Study: Low-fat milk doesn't help fight childhood obesity
Studies suggests skim milk may not help kids maintain healthy weights
A series of studies suggests that low-fat milk may not be the answer for helping kids maintain a healthy weight.
Experts do agree that milk is a valuable source of calcium and vitamin D for growing children, which helps build up young bones.
However, those who once thought skim milk was better for children, verses the extra calories in whole milk, are now rethinking the concept.
For more than seven years, the American Academy of Pediatrics (AAP) and the American Heart Association (AHA) have both recommended that children drink a low-fat milk after age two, according to an article on healthlandtime.com.
The article sites a study published in the "Archives of Disease in Childhood", which says that scientists now believe skim milk is a poor tool to combat obesity.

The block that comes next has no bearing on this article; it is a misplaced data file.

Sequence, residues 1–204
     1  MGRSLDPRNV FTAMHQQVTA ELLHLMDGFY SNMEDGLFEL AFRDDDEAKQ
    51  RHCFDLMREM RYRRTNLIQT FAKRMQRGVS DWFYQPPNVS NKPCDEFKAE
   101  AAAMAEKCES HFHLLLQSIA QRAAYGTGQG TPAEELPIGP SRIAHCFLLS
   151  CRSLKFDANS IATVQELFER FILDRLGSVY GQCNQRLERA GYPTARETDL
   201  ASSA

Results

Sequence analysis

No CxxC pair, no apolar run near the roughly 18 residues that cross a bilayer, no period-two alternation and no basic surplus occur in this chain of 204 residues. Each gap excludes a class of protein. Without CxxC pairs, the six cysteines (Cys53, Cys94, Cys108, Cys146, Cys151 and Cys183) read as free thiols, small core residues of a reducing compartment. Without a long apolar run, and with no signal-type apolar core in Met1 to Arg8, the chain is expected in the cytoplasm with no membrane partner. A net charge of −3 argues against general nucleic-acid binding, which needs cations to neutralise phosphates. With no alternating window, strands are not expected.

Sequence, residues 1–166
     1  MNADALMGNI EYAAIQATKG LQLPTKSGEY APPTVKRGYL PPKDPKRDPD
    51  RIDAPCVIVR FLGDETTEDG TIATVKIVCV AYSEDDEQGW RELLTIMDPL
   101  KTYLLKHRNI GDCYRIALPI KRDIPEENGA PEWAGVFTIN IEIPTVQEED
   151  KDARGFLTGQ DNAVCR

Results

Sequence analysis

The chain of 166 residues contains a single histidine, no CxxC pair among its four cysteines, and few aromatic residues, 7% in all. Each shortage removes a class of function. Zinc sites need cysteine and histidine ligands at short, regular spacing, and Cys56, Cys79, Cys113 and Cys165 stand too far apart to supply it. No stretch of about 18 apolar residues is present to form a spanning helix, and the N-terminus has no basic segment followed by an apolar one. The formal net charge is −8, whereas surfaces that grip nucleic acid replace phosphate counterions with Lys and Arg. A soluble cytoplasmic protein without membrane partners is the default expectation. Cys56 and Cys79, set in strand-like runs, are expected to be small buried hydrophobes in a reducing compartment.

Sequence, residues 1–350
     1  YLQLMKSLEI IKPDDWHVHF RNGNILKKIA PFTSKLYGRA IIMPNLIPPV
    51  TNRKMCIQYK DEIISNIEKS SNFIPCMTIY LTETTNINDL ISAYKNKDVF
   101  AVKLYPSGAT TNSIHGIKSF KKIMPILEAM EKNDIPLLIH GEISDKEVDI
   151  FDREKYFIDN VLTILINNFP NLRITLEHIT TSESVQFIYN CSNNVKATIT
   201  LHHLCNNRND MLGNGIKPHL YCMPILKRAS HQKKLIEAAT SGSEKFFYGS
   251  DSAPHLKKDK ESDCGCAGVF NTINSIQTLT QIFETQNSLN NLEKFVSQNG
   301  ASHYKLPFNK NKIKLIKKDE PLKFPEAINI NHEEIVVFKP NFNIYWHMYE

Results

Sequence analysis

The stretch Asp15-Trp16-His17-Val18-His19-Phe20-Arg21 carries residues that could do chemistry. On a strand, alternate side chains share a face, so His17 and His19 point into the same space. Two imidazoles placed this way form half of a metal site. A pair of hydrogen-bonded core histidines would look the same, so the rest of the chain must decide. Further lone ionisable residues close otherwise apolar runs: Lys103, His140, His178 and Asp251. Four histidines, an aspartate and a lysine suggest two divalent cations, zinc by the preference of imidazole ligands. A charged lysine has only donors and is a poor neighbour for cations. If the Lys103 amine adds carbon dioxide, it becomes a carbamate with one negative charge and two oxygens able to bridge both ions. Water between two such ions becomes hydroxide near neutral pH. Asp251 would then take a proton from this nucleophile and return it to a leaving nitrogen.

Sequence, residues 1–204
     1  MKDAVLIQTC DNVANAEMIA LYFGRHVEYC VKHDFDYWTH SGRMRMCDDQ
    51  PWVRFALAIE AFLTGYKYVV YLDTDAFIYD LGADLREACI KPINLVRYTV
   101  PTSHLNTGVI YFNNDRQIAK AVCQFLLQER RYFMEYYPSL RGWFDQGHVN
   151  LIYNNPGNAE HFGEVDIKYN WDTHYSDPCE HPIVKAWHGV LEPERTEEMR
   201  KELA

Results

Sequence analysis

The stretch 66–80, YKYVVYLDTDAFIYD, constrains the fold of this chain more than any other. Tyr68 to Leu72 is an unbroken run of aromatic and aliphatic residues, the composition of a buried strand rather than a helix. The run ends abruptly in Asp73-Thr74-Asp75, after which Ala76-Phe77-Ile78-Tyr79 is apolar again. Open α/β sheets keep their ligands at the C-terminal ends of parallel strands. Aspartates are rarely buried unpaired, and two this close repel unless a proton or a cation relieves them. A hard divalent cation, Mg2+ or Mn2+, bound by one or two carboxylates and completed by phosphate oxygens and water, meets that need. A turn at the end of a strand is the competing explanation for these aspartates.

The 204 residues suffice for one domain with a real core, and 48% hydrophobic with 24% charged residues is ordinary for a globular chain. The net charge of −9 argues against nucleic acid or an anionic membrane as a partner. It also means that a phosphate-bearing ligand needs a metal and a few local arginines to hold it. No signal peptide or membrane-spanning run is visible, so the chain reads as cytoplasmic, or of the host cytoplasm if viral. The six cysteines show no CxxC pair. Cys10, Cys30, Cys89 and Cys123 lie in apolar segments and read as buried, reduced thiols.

Experts and parents have always believed the lighter varieties would be a better choice for obese children, but some studies found no relationship between the type of milk preschoolers drank and their body weight. One study even said that children who drink skim milk were heavier than whole milk-drinking children.
The article suggest that the added calories in whole milk may not be an important contributor to weight gain among young children. "Our original hypothesis was that children who drank high-fat milk, either whole milk or 2% would be heavier because they were consuming more saturated fat calories. We were really surprised when we looked at the data and it was very clear that within every ethnicity and every socioeconomic strata, that it was actually the opposite, that children who drank skim milk and 1% were heavier than those who drank 2% and whole," said Dr. Mark Daniel DeBoer, an associate professor of pediatric endocrinology at the University of Virginia School of Medicine.
To find out more about the studies, read the full article on healthlandtime.com.
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